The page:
“That friendly tap on the shoulder as you’re at the ATM machine may not be all it seems.”
We are sitting around a small office desk and Rutang Moses is unpacking one of the simplest ATM card scams.
“A crook simply looks over an ATM machine user’s shoulder as they key in their PIN number, then steals the card using distraction techniques or pick-pocketing,” she says.
The Standard Chartered Bank Head of Compliance and Assurance starts reeling off strange words like “pharming” and “phishing” as she explains that ATM card fraud is only one weapon in the crooks’ artillery. A new generation of online fraudsters has spawned a whole new language. Along with the strange terminology, it seems their illicit business could be booming.
“The internet is a great tool which can really change people’s lives for the better, and make most services easily accessible such as online banking which enables customers to transact on a secure website operated by their bank. We recognize the critical need to have controls and measures to protect our customers against internet fraud that can lead to financial losses,” says Moses.
The cost of cybercrime attacks around the world runs into tens of billions of dollars every year ÔÇô it is the fastest growing sector of criminal syndicates. With South Africa hosting the World Cup competitions, the cat and mouse game between international law enforcers and technology-savvy criminals is playing out on our doorsteps. For regional bankers, like Moses, who are at the forefront of ensuring the safety of customers’ funds, the stakes are high, even dire.
International financial watchdogs have warned that the World Cup could leave banks struggling to protect themselves and their customers against card fraud, as a surge in unusual transactions throws off risk scoring mechanisms, claimed vendor Actimize.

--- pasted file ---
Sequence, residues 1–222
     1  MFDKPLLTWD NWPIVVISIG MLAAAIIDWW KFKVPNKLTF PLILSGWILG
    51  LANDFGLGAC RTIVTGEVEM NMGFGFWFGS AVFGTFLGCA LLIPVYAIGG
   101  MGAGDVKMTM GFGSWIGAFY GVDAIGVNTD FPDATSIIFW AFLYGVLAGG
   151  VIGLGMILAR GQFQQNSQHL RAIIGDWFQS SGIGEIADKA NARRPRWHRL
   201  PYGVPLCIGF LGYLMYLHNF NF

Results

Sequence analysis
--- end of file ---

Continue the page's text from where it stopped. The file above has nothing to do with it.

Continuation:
Industry data indicates that attacks increased sharply when FIFA World Cup final initial match-ups were announced, part of a trend whereby banks have seen sharp increases in fraud before and during events, including the last World Cup and Beijing Olympics. Banks typically struggle to identify the fraudulent transactions associated with international sports events, because of the statistical ”noise” generated by large numbers of unusual transactions and online activity.
“Because of the increased volume of amateurish ‘noise’ created by opportunists, many of the phishing emails created by organized criminals look incredibly professional,” said Jackie Barwell, manager for financial crime products at Actimize. ”These more professional schemes will direct unsuspecting victims to convincing Web pages asking for credit card details or online banking log-ins,” says Barwell. “Credit card and ATM card scams, including skimming, are on the rise as well.”
Barwell notes that banks are often poor at spotting fraud in real time, particularly when risk-scoring mechanisms are “thrown” by one-off events that result in large numbers of unusual transactions across different channels, such as football fans travelling overseas for the World Cup.
Apparently alert to the risk, Standard Charted Bank of Botswana has been conducting a month long anti-fraud campaign which coincided with the World Cup. Moses also ran a month long column in the Sunday Standard warning customers against card fraud and phishing.
In an interview last week, she however insisted that the campaign and the column had nothing to do with the World Cup.
“It was just a coincidence,” she said.
Moses emphasised that “we take the security of our customers’ funds very seriously. We have controls and measures in place to ensure that our customers’ funds are safe, and we are confident that these controls work.”
She told Sunday Standard that the campaign was aimed at educating customers, to ensure that they are always on guard and do not create conditions that are ideal for crooks to work their card tricks.
“The campaign demonstrated our commitment to tackling financial crime, building on the success we have had so far in significantly reducing fraud losses and improving our internal control environment.”
Moses was appointed to head the Compliance and Assurance of Standard Chartered Bank Botswana in April 2008 after spending eight years in various global leadership roles at Standard Charted Bank PCL in London, UK, since September 2000.
At Standard Chartered Bank PLC, London, Moses held a wide range of roles, among them Group Head of Corporate Brand Sponsorships, Director Global Corporate Responsibilities for UK/Europe and Turkey corporate clients, Global Head of Graduate Recruitment & Development, and Manager, Group HR Re-engineering Project.
Prior to her assignments in London, Moses was head of Human Resources of Standard Chartered Bank Botswana where she also held other generalist HR roles since 1997. She holds a Masters of Science in Industrial and Labour Relations from University of New Haven, USA and a Bachelor of Arts.